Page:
[Opinion] Schools should revert to seven classes a day from block scheduling


Dhaanya Balaji

Students believe schedules should revert to a seven class schedule.

Phiona Smith, Writer

First established in 1997, block scheduling has now been implemented in over 200 Florida high schools according to a study commissioned by the Florida Educational Research Association.
Block schedules were designed to replace traditional schedules of either six or seven 50-minute class periods with longer class periods of 90-120 minutes that meet interchangeably throughout the week. Its ideal purpose is to lengthen the amount of time in each class while having less classes per day, replacing the traditional schedule.

While block schedule systems may vary by school, they all share the same purpose of giving students fewer classes per day.

Different variations of block schedules are A/B (alternating day schedules of eight classes where classes are 90 minutes each and meet every other day), four by four blocks (students have only four 90-minute classes every day and a course is finished in one semester rather than a whole school year), trimester (classes meet daily with students taking two to three core classes having over three sixty-minute) and a 75-15-75-15 (courses are finished in one semester and students take four 75-minute classes).

These block schedules not only make it harder for students to focus, but also make it difficult for teachers to lecture. The attention span of a healthy teenager averages by age. But some psychologists, such as Karen Wilson and James Korn, argue that a standard student’s attention span is only around 10-15 minutes long.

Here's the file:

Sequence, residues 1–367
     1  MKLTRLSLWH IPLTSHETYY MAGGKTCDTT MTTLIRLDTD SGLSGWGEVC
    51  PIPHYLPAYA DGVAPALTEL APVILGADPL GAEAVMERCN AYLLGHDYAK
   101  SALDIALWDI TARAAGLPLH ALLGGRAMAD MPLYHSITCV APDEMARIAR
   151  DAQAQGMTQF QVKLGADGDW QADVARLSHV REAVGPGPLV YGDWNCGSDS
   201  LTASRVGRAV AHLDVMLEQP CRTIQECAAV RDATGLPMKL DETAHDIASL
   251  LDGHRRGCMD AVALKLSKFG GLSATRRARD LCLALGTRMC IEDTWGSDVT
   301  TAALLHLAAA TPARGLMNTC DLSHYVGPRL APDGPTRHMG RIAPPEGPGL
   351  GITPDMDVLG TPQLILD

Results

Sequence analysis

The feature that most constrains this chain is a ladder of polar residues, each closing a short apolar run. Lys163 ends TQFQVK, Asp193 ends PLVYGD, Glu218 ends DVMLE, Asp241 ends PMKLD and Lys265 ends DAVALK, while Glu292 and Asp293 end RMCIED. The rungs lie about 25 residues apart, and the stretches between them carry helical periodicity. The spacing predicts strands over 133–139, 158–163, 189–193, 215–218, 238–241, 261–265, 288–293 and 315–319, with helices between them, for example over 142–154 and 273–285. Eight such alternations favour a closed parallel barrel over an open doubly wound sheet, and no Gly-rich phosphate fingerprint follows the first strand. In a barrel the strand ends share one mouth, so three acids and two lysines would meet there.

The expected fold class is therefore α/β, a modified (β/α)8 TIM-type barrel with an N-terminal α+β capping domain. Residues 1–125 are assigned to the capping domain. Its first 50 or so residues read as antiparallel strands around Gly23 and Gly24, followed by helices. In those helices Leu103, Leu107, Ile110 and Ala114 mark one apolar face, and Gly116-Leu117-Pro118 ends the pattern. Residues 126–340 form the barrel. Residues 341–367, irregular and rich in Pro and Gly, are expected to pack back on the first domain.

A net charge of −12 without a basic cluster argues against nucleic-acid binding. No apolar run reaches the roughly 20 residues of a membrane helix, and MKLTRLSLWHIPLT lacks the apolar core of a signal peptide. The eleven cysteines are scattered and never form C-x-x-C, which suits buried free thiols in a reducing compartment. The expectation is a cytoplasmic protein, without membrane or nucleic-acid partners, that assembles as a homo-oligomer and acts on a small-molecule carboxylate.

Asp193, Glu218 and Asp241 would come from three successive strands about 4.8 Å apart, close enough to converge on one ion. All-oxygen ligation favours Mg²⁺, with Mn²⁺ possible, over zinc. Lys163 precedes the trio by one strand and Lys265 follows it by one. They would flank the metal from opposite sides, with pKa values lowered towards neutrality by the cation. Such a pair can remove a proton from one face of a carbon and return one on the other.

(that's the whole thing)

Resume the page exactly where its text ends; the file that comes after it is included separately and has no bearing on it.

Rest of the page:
Though student concentration levels alter according to mindset, motivation and applicability to material, an average students’ attention span is contradictory to a 90-minute block schedule that most students undergo. Teenagers struggle to concentrate on anything for 90 minutes, much less school work and lectures.

While providing only half a year to teach each course, the block schedules may cause teachers to feel rushed in the sense of teaching all the curriculum in a tight schedule. This case is most commonly found in English classes when students are to read required books. This not only stresses out the teacher, but the student as well. Some teachers may feel subject to rushing through a novel, making it harder for students to indulge or comprehend what they’re reading.

On the contrary, seven classes per day leave students with much more time to commit to each class. Students seeing their teacher every day of the school year would supply students with more opportunities for clarification on any assessments and more face-to-face time with teachers. Higher credit can also be obtained through this scheduling system. Students have more chances of taking additional elective courses, AP or dual credit opportunities, and additional support to uphold credits.

Although it is highly beneficial, these schedule changes are a big shift and are not taken lightly. Leaving students to have to sacrifice a course and teachers to have to sacrifice a planning period, it is difficult to bring announcements like these to teachers and students.

During this schedule, teachers would be left to rely on one of the seven periods during the day, the time they have before school, and early release days for consistent planning. Causing teachers to teach six courses in total, core classes will still meet standard class size while elective teachers have fewer students.

Overall, block schedules compel students to dedicate less time to each class which is insufficient for successful students. Students should be dedicating as much time as they can to their academic life which is potentially supported by a seven-period day schedule.